Business and Occupation Tax.
The business and occupation (B&O) tax is imposed on the gross receipts of business activities conducted within the state, without any deduction for the costs of doing business. Businesses must pay the B&O tax even though they may not have any profits or may be operating at a loss. A taxpayer may have more than one B&O tax rate, depending on the types of activities conducted. The B&O tax rate varies by classification such as retailing, wholesaling, manufacturing, or other specialized service.
Public Utility Tax.
The public utility tax is a tax on public service businesses, including businesses that engage in transportation, communications, and the supply of energy, natural gas, and water. The tax is in lieu of the B&O tax. There are different rates depending on the specific utility activity.
Washington Main Street Program.
The Washington Main Street Program (Program) was established in 2005 to work in partnership with business and property owners in downtown and neighborhood commercial districts in rural and urban communities. The program is implemented by the Department of Archaeology and Historic Preservation (Department) to do the following:
Organizations must be officially designated a Washington Main Street community by the Program to be eligible to receive contributions through the Main Street Tax Credit Incentive Program. The Department may designate local programs for such assistance based on certain criteria, including:
The Department may not designate a program undertaken by a local government with a population over 190,000 people at the time of designation.
Main Street Tax Credit Incentive Program.
The Main Street Tax Credit Incentive Program is administered by the Department of Revenue (DOR) and allows persons making contributions to a local program, or generally to the state Main Street Trust Fund Account, to claim a B&O tax credit or a public utility tax credit. The contribution must be made in the same calendar year that the contribution was approved. The tax credit is limited to an amount equal to:
The tax credit must be claimed in the calendar year immediately following the calendar year in which the credit was approved and the contribution was made.
The Main Street Tax Incentive Program has certain limits and is provided on a first-come basis. No person may receive a tax credit over $250,000 per calendar year. The total tax credits allowed for each designated local program may not exceed $160,000 per calendar year. The total tax credits allowed statewide may not exceed $5 million per calendar year.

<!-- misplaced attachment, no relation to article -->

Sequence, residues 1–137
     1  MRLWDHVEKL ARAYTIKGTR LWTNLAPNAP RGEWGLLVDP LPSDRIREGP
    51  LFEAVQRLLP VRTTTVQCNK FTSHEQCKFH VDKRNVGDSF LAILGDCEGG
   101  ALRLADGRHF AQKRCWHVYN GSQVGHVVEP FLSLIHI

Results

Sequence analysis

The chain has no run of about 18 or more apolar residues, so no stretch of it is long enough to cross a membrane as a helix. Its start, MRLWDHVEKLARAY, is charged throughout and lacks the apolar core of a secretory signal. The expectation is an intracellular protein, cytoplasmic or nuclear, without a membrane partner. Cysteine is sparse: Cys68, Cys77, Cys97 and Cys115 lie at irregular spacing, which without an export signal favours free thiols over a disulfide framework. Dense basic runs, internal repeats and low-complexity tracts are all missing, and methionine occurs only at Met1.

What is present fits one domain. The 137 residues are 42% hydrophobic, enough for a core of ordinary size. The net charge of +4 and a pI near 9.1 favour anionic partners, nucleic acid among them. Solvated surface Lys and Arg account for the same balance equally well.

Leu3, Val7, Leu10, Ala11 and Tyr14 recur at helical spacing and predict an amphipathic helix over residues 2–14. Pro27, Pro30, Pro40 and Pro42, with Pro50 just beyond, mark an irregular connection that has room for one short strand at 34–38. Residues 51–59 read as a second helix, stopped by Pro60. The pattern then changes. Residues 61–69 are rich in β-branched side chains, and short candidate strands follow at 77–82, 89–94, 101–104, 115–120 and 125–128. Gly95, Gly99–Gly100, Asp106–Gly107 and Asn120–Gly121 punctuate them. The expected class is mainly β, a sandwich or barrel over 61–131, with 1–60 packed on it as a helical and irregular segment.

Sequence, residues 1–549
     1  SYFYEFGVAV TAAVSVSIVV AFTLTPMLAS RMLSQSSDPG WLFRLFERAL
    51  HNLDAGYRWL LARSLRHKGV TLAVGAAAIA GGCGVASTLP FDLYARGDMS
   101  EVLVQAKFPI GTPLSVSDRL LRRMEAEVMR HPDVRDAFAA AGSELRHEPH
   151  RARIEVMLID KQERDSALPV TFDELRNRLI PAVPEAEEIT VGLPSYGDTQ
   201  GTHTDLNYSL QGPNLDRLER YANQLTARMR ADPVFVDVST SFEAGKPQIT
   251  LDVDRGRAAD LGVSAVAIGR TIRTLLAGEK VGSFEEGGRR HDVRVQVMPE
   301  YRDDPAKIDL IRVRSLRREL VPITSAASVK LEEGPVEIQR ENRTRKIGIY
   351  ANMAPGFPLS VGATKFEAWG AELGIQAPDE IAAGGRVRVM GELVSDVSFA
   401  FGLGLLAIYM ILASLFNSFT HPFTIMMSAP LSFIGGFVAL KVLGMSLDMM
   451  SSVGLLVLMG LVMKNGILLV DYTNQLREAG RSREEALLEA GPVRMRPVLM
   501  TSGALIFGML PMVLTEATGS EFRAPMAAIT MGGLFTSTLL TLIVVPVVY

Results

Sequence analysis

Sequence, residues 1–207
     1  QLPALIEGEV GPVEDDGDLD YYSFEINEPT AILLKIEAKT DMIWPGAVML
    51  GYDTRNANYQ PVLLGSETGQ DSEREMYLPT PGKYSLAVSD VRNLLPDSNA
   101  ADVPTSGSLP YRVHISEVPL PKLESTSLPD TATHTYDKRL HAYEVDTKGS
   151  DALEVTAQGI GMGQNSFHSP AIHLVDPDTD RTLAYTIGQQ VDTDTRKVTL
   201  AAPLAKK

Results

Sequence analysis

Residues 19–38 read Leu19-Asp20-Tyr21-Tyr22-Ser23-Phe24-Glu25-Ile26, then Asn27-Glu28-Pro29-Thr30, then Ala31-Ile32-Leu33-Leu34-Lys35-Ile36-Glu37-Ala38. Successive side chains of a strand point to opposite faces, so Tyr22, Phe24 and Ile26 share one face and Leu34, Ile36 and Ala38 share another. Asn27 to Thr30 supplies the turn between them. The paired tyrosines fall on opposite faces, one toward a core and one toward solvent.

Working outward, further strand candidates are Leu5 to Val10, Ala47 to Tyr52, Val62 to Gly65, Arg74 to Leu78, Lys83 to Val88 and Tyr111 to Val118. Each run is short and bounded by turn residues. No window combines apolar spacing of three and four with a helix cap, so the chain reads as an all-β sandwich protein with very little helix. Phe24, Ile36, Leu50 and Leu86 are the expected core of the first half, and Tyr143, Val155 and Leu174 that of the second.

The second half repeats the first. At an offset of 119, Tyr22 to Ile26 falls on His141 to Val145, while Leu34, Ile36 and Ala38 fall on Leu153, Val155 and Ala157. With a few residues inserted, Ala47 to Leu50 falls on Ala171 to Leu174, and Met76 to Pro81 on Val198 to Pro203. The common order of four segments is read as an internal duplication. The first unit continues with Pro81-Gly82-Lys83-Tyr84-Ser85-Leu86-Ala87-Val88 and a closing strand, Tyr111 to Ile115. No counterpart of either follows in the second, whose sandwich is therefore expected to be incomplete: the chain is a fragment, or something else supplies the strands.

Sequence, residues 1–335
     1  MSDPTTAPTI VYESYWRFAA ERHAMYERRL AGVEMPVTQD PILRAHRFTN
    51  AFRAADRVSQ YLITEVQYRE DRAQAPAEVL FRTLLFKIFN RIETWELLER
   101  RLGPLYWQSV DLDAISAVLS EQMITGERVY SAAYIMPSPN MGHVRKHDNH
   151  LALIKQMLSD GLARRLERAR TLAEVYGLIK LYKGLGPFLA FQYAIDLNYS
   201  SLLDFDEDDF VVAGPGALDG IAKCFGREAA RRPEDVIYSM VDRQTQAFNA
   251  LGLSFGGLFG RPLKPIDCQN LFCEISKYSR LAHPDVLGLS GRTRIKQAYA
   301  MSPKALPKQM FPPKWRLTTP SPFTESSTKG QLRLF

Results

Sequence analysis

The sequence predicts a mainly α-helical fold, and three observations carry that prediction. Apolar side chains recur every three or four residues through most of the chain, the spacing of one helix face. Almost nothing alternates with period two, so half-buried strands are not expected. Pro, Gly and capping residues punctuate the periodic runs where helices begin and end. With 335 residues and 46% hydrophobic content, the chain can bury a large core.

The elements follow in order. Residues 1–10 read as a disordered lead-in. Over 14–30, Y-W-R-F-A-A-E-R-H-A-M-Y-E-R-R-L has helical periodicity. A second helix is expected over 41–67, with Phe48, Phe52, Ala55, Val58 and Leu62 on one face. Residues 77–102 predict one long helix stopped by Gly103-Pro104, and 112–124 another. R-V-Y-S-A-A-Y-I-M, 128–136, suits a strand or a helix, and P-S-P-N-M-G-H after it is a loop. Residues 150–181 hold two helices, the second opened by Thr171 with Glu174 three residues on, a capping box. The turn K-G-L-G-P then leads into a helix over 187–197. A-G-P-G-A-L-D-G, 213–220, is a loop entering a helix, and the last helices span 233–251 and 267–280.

For purposes of the Main Street Tax Incentive Program, the population limit of 190,000 is determined at the time that the Department designates the program. The process by which a person approved for a tax credit under the Main Street Tax Incentive Program must provide the approved contribution to the DOR is clarified as follows:
(In support) Last year there was a bill that clarified population requirements for the Program. This bill is important to the city of Vancouver to ensure that the city can continue forward as part of the Program. This is a technical fix that solves an omission that the DOR noticed last year. It is important to have a strong and vibrant main street because it supports and encourages economic development and thriving communities. Without the Program, many of the amenities enjoyed by the city of Vancouver would not be available.
No new changes were recommended.
(In support) This bill is a cleanup bill to last year's Senate Bill 5617 and clarifies that the city of Vancouver and any other city, if designated as a Main Street Community, to remain a Main Street Community in perpetuity, irrespective of population growth. There is no fiscal impact. It clarifies that the $200,000 that goes to support the Vancouver Downtown Association and the work they support with the public art, murals, and other programs will continue to be funded.